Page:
The current line-up of Dodge NCTS drivers has also taken note of the chemistry. "Look at the people involved in the Dodge program - Randy Tolsma, Dennis Setzer, Jimmy Hensley, Joe Ruttman and myself," said Stacy Compton, driver of the #86 RC Dodge. "It's a group of guys who really get along, and the teams get along. We discuss set-ups and strategies with each other and still compete for the win each weekend."
Continuous involvement by Dodge executives and engineers has allowed Setzer and Compton to battle down to the final race of the season for the 1999 championship. "Dodge gives us a lot more support than I've seen come out of any other factory deal," said Setzer. "Ford and General Motors' motorsports commitment is geared mostly toward Winston Cup. But with Dodge, the trucks get the full attention of the engineers and the executives. Each week the teams get together on a conference call to discuss ideas and concerns with the personnel at Dodge, and that helps keep the lines of communication open between the teams and Dodge."
STACY COMPTON CLAIMS 1999 BUD POLE AWARD Following the Bud Pole qualifying session at Texas Motor Speedway, Stacy Compton claimed the most pole positions in the 1999 NASCAR Craftsman Truck Series. With his six season poles, Compton claimed the $10,000 season-ending Bud Pole Award.
The award is a significant accomplishment for Compton and the RC team after switching from Ford to Dodge prior to the 1999 season. Although Compton has not won a race in 1999, he has led in championship points and been in contention for the win almost every weekend.
"The switch to Dodge in the off-season was a huge move and it paid off big time," said Compton. "We knew we were capable of winning a pole or two, but six? This says a lot about our team and their effort. Our goal each week has been to qualify up front and run up front, especially on the shorter tracks. The pole at Michigan was awesome because it was in Dodge's backyard." Dodge has won ten pole positions this season (Compton 6, and Setzer, Tolsma, Hensley and Bobby Hamilton one each), and at seven races has qualified Dodge Rams on the front row.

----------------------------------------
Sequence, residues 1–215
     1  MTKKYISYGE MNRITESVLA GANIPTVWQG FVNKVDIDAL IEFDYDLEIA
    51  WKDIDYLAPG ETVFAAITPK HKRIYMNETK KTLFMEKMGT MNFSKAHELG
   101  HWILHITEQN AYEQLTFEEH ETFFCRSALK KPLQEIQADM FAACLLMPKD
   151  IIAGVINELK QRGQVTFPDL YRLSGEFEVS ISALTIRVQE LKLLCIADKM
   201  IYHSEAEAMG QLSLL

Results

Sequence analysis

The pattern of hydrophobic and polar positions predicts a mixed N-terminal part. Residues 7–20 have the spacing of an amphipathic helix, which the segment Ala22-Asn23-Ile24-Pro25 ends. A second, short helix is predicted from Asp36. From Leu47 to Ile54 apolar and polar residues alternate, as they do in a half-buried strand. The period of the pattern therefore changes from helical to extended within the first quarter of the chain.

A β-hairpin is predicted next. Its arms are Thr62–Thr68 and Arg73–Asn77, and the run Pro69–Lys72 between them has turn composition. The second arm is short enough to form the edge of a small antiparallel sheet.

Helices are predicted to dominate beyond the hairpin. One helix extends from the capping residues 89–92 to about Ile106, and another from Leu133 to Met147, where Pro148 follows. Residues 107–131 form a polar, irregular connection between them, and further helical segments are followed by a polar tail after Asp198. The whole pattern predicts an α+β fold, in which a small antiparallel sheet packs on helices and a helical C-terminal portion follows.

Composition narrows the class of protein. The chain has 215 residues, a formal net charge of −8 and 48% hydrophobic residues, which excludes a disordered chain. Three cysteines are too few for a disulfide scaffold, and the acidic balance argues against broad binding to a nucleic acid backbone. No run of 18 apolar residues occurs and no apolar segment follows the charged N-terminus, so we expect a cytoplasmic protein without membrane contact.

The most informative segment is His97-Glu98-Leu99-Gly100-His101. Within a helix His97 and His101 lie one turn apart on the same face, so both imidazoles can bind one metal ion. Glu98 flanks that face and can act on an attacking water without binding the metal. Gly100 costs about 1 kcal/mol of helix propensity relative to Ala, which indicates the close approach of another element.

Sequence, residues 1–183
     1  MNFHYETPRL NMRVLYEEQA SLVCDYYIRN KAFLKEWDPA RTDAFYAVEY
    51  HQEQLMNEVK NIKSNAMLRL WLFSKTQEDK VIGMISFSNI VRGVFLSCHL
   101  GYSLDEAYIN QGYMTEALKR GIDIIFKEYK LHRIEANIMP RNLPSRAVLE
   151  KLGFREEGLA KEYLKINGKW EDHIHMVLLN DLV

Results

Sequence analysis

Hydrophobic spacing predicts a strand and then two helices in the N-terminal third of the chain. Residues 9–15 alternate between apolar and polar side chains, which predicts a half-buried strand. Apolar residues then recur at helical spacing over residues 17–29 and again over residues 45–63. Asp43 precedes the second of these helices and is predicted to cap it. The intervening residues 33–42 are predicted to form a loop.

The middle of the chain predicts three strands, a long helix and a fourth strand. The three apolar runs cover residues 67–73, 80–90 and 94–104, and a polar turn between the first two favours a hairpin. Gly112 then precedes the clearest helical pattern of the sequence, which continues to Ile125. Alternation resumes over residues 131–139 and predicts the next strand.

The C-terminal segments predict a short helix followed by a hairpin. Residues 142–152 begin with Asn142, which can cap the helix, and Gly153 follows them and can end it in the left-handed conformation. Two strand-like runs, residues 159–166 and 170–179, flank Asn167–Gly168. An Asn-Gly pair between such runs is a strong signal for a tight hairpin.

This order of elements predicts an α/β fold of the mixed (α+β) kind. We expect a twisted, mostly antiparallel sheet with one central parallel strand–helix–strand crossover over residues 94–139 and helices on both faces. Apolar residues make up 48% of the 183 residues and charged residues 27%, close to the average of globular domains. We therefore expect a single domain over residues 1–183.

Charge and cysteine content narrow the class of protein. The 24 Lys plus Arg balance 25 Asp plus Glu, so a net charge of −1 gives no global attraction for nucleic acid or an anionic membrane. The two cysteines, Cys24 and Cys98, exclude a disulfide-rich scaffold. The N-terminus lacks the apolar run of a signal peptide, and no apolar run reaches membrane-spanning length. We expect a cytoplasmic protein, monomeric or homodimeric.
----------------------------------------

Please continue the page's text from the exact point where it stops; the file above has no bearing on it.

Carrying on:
DODGE RAM FAST STATS After the Oct. 14 race at Texas Motor Speedway
Dennis Setzer, #1 Mopar Dodge 1 pole, 3 wins, 11 top-five finishes, 19 top-10 finishes Started second in Texas, finished third $444,740 total winnings in 24 NCTS starts Third in championship points - 25 points from first
Stacy Compton, #86 RC Dodge 6 poles, 0 wins, 11 top-fives, 16 top-10 finishes Started 12th in Texas, finished fifth $333,970 total winnings in 24 NCTS starts Fourth in championship points - 135 points from first
Jimmy Hensley, #43 Dodge By Petty 1 pole, 1 win, 7 top-five finishes, 13 top-10 finishes Started ninth in Texas, finished 14th $278,510 total winnings in 24 NCTS starts Ninth in championship points
Randy Tolsma, #25 Supergard Dodge 1 pole, 0 wins, 2 top-five finishes, 10 top-10 finishes Started 14th in Texas, finished fifth $214,985 total winnings in 24 NCTS starts 11th in championship points
Joe Ruttman, #18 Dana Dodge 0 wins, 2 top-five finishes, 8 top-10 finishes Started 12th in Texas, finished seventh $148,230 total winnings in 18 NCTS starts 21st in championship points